Last week, I showed you how to re-weave the threads withdrawn from the fabric in order to produce a “clean” edge for drawn thread embroidery techniques. Here’s a little easier way to finish the edge of a drawn thread area.
This is perhaps the most commonly used technique for making an edge around a drawn thread area or an area of cutwork in embroidery. At the edge of the area where you want to withdraw threads, satin stitch over three or four threads to block the threads from being able to unravel from the fabric.
For the satin stitching, you want to use a thread that covers well. If the thread’s too thin, the fabric will show between the stitching and the edge will look really ratty. If it’s too thick, it’ll end up distorting the fabric. Here, I’m using a #12 perle cotton in 32 count linen. It worked ok.
Your satin stitches should be worked one stitch beyond the withdrawn threads. In the photo above, the arrows point to the hole after the last thread along with the withdrawn area.
If you’re withdrawing horizontal threads, your satin stitch blocker will be vertical. If you’re withdrawing vertical threads, your satin stitch blocker with be horizontal. If you’re withdrawing both horizontal and vertical threads, you work the satin stitches on a corner, as shown above.
Once you have your blockers stitched, you cut the threads heading into the blocker, right next to it, using a pair of fine, sharp scissors. You can cut the threads at the opposite blocker and withdraw straight across the strip, but I prefer to cut in the middle of the strip as well, to shorten the threads that will be withdrawn. It’s just easier to withdraw shorter pieces of thread!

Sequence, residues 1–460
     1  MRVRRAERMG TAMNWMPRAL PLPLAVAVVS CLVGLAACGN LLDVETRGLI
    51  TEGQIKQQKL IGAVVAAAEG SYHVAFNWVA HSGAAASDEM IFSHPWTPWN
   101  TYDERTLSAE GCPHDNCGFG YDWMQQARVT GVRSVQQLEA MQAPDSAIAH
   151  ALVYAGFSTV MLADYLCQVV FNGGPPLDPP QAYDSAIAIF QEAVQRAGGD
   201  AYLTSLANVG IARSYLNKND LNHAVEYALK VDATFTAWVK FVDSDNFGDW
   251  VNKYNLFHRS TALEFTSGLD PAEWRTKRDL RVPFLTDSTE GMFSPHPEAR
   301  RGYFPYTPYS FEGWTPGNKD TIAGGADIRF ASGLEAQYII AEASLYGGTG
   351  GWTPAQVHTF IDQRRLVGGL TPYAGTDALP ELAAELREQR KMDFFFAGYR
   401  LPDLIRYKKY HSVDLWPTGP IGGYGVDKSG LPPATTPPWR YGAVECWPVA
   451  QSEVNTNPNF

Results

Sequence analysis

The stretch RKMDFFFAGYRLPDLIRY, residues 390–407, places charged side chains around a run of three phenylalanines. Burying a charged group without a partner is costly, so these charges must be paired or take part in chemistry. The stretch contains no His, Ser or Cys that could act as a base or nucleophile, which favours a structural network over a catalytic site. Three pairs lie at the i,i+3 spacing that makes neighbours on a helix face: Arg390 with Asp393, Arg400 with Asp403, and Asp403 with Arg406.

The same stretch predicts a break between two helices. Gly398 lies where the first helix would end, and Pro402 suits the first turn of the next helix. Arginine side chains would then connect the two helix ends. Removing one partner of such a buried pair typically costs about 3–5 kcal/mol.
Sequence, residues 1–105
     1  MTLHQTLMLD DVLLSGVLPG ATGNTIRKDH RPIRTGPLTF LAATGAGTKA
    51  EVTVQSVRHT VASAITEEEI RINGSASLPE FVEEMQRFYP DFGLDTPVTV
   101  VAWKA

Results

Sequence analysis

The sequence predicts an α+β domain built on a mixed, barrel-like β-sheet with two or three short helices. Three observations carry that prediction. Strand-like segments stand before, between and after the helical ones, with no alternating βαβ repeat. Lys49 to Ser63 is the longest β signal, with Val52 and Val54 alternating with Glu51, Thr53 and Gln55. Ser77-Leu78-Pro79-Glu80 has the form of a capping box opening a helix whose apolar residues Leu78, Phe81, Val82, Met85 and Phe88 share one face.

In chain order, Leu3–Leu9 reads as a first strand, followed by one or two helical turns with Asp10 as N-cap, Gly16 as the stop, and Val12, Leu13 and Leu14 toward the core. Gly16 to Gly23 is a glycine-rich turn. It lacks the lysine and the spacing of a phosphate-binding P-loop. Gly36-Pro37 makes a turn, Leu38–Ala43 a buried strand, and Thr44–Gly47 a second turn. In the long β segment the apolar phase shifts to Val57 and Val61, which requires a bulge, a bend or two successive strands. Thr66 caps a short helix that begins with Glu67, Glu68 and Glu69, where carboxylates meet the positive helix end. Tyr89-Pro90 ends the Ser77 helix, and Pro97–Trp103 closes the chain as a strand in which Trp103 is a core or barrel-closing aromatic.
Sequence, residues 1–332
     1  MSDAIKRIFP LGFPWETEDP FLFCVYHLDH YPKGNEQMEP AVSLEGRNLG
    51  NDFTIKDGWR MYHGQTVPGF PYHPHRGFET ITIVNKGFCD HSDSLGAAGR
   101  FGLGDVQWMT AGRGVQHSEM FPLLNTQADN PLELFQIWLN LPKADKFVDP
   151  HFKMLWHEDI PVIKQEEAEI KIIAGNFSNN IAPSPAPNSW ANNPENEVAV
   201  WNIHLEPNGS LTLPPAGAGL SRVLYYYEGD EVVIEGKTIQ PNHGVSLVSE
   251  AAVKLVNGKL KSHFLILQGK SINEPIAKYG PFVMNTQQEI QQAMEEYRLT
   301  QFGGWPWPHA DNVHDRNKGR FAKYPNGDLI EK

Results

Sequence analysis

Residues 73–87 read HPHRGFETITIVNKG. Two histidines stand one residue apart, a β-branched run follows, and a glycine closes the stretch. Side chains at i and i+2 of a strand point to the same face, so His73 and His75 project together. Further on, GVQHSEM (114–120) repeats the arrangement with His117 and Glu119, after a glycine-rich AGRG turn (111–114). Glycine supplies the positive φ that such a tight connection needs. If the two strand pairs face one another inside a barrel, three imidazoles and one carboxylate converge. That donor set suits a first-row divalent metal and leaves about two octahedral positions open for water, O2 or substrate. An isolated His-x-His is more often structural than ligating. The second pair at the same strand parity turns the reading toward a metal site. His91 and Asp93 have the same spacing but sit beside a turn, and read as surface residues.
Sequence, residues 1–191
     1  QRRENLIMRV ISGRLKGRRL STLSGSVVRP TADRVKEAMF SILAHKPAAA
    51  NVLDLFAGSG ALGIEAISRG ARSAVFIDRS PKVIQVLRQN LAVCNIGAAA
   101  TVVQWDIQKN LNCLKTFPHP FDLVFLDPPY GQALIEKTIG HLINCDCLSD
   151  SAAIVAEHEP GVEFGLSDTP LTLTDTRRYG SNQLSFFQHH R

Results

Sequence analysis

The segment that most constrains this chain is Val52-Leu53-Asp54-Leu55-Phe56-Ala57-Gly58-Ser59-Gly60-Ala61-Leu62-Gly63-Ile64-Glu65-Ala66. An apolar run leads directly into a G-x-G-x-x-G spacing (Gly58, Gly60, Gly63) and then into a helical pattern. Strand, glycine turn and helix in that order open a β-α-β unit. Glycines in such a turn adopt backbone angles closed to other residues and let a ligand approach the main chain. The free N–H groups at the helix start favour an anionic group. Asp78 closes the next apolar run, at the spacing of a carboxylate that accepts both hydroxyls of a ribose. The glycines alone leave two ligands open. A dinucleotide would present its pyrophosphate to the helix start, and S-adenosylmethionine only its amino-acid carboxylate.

In fact, if the threads are short enough and loose enough in the fabric, you can simply grab each thread individually with a pair of needlework tweezers and pull it straight out of the fabric without having to pry the thread at each weave. It makes a nice zipping sound, and, in a wink of an eye, it’s done!
The little fuzzy ends of the cut thread that are sticking out can be “wiggled” into the satin stitch area by running your needle under the satin stitching and moving it back and forth. I kind of “roll” the stitches towards the edge, and that helps pull the little cut edges in.
The advantages to satin stitching the edges like this are several:
1. Golly, it’s easy compared to re-weaving the threads! It takes a lot less time.
2. There’s something decorative about it.
3. The satin stitch blockers provide a great place to run your threads under for anchoring.
Now you’ve learned two ways to finish the edges for drawn thread work – re-weaving the drawn threads or using satin stitch blockers. Either way works. Which one you use depends, I suppose, on the look you want.
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